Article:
Next Steps – Staff Briefing
The next step in this process for determining the appropriate regulatory regime for fusion is that the NRC staff will submit a SECY paper to the Commission outlining the options for fusion regulations, and giving a recommendation to the Commissioners for how to move forward. At the meeting, they discussed the options put out in their September White Paper – whether to regulate fusion under Part 50 as a “Utilization Facility”, under the Part 30 Byproduct Materials Approach, or under a hybrid approach of the two. They announced that the anticipate releasing this paper before the end of the year.
Once that paper is sent to the Commissioners, then they will convene to vote on how to regulate fusion, and send that decision back to the staff in order to implement it.
FIA Position on Regulation
Since its inception, the FIA has strongly supported regulation under the Commission’s existing Part 30 specific licensing regulations. The Part 30 approach would best match fusion to similar technologies regulated by the Commission, including particle accelerators, industrial radiography devices, or irradiators. The NRC’s experience safely regulating these technologies and their related hazards shows that Part 30 is fully capable of ensuring adequate protection of public health and safety.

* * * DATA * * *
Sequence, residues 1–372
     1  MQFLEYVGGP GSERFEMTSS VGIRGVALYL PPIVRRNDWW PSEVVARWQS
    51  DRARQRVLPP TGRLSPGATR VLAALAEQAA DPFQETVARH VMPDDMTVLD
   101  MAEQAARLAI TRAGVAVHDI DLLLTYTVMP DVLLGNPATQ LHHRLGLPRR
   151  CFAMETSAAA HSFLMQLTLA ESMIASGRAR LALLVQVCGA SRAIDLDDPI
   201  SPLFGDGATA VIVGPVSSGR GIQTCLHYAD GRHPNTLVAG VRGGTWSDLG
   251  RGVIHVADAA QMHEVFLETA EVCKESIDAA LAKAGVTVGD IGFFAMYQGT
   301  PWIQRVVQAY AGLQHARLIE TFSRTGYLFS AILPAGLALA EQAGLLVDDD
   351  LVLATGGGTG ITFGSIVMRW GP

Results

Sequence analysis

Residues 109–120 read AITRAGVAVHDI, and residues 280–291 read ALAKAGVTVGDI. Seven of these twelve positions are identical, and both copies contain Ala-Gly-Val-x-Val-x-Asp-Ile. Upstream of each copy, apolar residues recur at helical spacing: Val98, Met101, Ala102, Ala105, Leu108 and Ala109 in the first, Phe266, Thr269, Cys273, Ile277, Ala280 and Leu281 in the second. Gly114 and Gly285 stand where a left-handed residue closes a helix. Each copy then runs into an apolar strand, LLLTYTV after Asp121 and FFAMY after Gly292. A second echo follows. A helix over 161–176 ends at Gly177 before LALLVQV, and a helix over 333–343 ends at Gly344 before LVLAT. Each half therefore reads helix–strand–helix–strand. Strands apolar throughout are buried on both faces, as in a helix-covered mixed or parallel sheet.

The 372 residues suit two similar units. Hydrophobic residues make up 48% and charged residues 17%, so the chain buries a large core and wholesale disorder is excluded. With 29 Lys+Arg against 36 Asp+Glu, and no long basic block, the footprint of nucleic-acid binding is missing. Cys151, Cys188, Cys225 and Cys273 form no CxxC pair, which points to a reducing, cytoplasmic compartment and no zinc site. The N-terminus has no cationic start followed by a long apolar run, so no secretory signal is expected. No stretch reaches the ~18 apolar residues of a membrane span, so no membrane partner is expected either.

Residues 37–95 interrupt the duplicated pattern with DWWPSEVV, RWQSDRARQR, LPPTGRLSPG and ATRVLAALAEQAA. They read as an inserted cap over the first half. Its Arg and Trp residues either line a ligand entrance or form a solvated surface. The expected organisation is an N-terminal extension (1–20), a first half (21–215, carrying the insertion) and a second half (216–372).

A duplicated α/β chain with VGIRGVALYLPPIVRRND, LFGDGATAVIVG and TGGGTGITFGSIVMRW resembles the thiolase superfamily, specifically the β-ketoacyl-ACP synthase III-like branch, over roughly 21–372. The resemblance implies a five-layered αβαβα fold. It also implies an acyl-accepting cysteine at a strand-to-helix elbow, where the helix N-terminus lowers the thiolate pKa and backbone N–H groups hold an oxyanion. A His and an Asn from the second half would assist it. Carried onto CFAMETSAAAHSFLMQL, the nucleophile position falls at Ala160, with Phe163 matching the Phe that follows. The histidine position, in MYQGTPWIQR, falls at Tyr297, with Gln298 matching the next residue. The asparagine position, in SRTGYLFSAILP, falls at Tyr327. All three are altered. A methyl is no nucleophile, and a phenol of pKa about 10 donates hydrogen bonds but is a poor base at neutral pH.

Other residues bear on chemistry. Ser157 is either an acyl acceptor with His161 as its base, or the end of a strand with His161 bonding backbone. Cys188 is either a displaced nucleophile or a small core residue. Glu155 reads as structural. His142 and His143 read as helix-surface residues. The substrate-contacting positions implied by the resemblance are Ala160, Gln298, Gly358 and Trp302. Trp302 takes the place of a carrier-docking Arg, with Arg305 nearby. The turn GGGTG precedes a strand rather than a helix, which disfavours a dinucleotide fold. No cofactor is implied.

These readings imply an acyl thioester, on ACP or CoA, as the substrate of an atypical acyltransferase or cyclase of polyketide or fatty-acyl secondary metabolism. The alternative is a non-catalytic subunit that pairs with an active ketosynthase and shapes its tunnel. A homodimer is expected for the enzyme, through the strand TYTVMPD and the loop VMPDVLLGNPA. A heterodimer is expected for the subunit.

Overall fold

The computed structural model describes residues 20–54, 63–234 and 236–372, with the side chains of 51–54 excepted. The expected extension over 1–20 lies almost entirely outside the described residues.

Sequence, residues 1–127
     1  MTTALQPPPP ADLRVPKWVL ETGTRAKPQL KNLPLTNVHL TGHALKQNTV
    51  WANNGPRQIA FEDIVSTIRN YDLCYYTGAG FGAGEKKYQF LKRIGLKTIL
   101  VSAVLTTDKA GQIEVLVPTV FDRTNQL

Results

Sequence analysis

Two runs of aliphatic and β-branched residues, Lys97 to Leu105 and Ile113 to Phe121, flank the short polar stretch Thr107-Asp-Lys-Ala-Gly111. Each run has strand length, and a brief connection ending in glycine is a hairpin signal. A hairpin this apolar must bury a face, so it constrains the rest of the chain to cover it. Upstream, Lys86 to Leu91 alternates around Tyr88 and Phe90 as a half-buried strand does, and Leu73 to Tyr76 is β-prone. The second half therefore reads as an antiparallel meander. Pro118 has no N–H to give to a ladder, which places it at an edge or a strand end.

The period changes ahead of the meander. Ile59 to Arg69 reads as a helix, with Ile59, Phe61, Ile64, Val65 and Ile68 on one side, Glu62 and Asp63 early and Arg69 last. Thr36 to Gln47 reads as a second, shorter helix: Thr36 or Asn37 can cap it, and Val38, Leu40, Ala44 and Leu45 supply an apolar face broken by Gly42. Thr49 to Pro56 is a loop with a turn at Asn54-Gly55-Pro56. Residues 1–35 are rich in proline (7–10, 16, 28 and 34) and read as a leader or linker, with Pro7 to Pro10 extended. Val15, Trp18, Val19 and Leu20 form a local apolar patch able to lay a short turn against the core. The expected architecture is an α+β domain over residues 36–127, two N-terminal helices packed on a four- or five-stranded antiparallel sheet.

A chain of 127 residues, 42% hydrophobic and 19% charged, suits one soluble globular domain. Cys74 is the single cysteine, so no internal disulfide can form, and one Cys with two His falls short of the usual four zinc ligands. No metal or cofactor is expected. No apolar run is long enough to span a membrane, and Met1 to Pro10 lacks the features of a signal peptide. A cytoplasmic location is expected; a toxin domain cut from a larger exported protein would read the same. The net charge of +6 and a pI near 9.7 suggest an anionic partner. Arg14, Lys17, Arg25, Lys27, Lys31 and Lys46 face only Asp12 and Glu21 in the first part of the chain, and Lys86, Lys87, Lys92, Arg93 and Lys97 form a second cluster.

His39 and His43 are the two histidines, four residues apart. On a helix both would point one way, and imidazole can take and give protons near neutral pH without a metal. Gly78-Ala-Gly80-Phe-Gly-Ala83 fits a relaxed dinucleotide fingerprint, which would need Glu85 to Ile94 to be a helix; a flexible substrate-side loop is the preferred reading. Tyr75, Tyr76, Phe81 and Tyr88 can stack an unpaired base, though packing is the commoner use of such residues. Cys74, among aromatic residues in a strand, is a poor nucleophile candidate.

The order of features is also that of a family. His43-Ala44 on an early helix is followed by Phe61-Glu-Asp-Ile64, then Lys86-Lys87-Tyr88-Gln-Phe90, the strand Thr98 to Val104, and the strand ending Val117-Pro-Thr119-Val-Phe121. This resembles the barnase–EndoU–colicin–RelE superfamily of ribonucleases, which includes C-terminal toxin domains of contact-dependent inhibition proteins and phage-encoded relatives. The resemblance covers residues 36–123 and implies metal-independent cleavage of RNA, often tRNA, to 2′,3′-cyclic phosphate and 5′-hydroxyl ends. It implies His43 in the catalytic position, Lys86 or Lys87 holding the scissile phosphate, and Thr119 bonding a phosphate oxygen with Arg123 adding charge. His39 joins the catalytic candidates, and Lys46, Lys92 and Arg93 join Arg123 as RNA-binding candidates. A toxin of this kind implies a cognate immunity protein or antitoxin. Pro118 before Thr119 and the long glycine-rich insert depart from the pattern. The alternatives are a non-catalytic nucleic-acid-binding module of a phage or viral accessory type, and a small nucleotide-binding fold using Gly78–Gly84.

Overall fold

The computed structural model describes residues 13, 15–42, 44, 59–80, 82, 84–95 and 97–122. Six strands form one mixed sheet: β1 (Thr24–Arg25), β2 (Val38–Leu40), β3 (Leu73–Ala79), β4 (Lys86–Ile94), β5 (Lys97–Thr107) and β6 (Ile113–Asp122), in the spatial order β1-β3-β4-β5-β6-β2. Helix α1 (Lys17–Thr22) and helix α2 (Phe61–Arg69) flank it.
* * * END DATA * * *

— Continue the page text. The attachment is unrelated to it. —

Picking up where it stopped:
Part 30 is also the best approach to support the emerging U.S. fusion industry. Part 30’s specific licensing process is well understood and would thus provide near-term regulatory certainty needed by developers and investors. Fusion developers plan to begin the detailed designing of first commercial plants within the next 12-18 month, and Part 30 regulation will allow companies to design these plants to an established regulatory framework, avoiding unnecessary delays created by new rulemaking. The two letters below outline the FIA stance on fusion regulation.